By Tom Precious
ALBANY -– New York Mayor Michael Bloomberg said the school districts that obtained teacher evaluation agreements have committed “fraud” if, as most did, their deals with unions remain in effect for only one year.
Bloomberg this morning told a joint Assembly and Senate fiscal panel considering the state’s budget that most districts in the state failed, as required by the 2010 teacher evaluation law, to obtain multi-year agreements with their teacher and principal unions. It has been estimated that about 90 percent of the state’s nearly 700 districts, including most in Western New York, obtained only one-year evaluation agreements with unions. Buffalo was one of the few to get a two-year deal, though there is a clause allowing the sides to renegotiate after the first year of the plan.
Districts across the state rushed to get deals by a Jan. 17 deadline or risk losing planned four percent increases in state aid. New York City was one of a handful unable to meet the deadline, which Bloomberg today blamed on the teachers union.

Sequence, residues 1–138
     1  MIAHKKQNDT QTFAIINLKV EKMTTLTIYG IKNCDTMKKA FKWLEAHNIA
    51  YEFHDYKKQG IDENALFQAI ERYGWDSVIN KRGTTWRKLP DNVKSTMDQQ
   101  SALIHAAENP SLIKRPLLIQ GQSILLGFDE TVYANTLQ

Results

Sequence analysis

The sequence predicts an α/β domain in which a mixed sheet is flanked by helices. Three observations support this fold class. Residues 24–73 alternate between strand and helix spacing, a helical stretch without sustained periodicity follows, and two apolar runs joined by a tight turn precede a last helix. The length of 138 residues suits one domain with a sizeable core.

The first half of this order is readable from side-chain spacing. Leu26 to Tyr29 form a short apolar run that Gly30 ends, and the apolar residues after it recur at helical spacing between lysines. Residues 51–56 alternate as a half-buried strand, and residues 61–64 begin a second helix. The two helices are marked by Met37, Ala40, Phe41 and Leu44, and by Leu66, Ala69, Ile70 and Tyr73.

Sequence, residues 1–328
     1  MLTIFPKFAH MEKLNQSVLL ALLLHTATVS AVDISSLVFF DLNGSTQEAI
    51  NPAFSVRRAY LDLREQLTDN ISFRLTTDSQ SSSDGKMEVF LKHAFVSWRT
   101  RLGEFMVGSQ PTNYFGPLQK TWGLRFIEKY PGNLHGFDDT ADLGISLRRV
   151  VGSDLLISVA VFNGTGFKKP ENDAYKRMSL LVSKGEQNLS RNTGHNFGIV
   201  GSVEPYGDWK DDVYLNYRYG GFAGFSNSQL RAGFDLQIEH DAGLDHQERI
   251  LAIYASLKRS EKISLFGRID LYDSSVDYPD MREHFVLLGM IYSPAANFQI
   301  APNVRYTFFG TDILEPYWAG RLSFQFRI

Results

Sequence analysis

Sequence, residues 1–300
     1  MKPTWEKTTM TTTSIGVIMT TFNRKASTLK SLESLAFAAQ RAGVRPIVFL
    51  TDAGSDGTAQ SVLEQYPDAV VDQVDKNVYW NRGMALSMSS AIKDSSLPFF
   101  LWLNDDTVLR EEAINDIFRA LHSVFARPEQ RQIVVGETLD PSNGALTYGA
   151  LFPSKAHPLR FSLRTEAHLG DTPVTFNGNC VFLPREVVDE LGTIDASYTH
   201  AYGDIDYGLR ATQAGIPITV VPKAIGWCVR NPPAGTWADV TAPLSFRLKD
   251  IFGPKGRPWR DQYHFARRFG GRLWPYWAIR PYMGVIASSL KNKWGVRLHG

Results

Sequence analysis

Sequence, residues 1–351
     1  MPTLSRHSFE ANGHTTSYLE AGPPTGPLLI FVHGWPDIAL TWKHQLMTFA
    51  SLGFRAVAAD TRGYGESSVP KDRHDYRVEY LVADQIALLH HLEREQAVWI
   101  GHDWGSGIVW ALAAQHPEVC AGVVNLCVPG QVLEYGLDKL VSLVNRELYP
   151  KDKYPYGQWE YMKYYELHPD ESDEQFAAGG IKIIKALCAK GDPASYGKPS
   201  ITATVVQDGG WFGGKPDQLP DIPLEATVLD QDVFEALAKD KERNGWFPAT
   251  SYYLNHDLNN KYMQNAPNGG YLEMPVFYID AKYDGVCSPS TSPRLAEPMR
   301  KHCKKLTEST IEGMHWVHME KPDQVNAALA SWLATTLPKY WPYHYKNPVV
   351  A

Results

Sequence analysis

“Everybody is just interested in getting the money and committing what I call fraud," Bloomberg told lawmakers about the deals most districts made over the past several months.“The law prohibits you from being evaluated in one year … People are saying something, and they didn’t," he said as the first person to testify on the first day of legislative hearings on the governor’s 2013 budget plan. Of those with one-year teacher evaluation agreements, Bloomberg said, “None of them will effectively rate the teachers and let the districts do something about them.’’
Bloomberg said the city is facing large numbers of teacher cutbacks as a result of the failed talks that, he said, will cost New York City more than $700 million in lost state aid over two years.